Lt. General Asim Bajwa, who was serving as the head of the ISP and advisor to former Prime Minister Imran Khan, was also overseeing the multi-billion dollar CPEC project that links China straight to the Indian Ocean cutting through Balochistan, while he was Quetta Corps Commander. Pakistani journalist Ahmad Noorani published a story backed by many documents posted online that revealed the assets and business operations of family members of Bajwa. Noorani provided documentary evidence of how the recently retired Bajwa’s family- who come from a middle-class family-became very wealthy practically overnight in the U.S. The report revealed details of dozens of Bajwa pizza franchises and multiple companies registered in the U.S., Canada, and the United Arab Emirates. Lt Gen Asim Saleem Bajwa gained notoriety as ‘General Papa Johns’ or ‘General Pizza’ after the expose of how his family had invested tens of millions of dollars in the Papa John’s Pizza chain in the US and his sons were given lucrative contracts.[3]

The International Crisis Group in its report on Asia stated that the regime of General Pervez Musharraf led to an incompetent civil service that was subservient to the military government. A systematic policy was adopted that led to the recruitment of army Generals as civil servants. This included the chairperson of the Federal Public Service Commission (FPSC) who was the principal authority for recruitment and promotion in the civil service. The military government’s ill-conceived devolution plan aggravated an already dysfunctional system. Obsolete rules and regulations and an inflexible ranking procedure in civil and military bureaucracy further weakened the supervision of public servants.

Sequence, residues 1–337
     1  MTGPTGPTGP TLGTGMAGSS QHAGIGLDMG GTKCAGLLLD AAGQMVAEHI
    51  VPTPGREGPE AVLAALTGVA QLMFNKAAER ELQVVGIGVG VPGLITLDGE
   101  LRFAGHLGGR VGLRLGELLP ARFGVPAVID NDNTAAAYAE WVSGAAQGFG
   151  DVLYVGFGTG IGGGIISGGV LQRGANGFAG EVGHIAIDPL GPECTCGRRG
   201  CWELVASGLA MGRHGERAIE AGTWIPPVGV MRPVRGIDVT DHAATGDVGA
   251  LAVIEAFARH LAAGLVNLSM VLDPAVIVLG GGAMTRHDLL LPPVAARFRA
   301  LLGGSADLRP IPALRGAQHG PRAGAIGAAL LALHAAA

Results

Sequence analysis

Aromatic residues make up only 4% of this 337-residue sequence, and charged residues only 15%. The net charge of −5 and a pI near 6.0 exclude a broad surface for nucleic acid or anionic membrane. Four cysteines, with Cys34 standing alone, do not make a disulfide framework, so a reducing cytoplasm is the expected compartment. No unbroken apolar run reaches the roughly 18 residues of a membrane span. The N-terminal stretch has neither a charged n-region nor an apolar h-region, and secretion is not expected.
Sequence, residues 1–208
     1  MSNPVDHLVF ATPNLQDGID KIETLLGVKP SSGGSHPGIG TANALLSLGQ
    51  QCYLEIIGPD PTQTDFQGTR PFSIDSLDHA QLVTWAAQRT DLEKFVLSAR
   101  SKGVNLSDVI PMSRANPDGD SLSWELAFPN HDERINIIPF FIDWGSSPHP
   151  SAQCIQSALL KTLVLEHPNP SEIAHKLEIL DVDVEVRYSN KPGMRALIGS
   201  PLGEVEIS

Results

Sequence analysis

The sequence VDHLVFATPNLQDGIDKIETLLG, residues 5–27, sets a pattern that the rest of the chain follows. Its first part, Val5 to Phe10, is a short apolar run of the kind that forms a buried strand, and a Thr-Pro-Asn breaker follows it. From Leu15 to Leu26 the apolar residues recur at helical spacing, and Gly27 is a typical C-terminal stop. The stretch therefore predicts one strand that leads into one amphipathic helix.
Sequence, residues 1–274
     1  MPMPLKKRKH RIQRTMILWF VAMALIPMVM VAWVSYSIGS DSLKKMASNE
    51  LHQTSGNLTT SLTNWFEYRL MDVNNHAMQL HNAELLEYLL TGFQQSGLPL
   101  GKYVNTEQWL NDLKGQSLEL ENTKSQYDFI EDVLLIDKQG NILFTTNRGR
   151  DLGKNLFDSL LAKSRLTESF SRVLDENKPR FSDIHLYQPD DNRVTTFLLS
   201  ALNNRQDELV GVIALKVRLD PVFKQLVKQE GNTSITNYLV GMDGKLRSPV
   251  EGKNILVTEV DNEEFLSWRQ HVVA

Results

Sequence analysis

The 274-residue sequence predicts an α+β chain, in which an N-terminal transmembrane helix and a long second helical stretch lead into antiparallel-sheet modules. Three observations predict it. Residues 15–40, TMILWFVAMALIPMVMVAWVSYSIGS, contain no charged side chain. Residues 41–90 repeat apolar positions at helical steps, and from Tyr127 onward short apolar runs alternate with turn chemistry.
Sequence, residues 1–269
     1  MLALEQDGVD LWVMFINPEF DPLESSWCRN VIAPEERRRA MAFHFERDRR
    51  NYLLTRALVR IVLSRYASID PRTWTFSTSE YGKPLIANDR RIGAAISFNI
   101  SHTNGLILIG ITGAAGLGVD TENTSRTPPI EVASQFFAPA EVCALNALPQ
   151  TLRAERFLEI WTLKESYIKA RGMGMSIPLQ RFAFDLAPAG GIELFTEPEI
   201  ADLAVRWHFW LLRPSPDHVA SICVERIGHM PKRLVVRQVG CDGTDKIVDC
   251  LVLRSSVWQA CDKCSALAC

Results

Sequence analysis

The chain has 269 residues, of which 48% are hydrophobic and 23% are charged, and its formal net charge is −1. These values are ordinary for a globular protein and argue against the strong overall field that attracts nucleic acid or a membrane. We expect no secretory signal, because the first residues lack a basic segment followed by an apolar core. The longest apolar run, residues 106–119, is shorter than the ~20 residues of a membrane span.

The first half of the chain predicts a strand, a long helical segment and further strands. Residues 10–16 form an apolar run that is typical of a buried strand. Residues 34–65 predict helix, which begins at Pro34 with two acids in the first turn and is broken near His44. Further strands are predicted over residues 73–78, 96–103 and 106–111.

According to Pak analyst and author of Military Inc.: Inside Pakistan’s Military Economy, Ayesha Siddiqa, “the army uses the proclaimed fight against corruption to delegitimize political actors rather than to combat financial mismanagement.”[4] Its top echelons initially promoted Imran Khan because of their discomfort with Pakistan’s traditional parties. There was a conscious plan to weaken the traditional two-party system after the end of Musharraf’s rule, as one former intelligence chief has acknowledged. Political parties are unwilling to publicise the exploitation of national resources by the generals. Ultimately, this is a story of elite capture in which Pakistan’s civil and military leadership are in partnership with each other.


[1] Corruption runs amok among Pakistani Army Generals: Report


[3] The Papa John Pizza scandal and the Pakistani General who ate the crust – New Delhi Times 

[4] Pakistan’s Army Is Just as Corrupt as the Politicians It Denounces (

Fadia Jiffry

Fadia Jiffry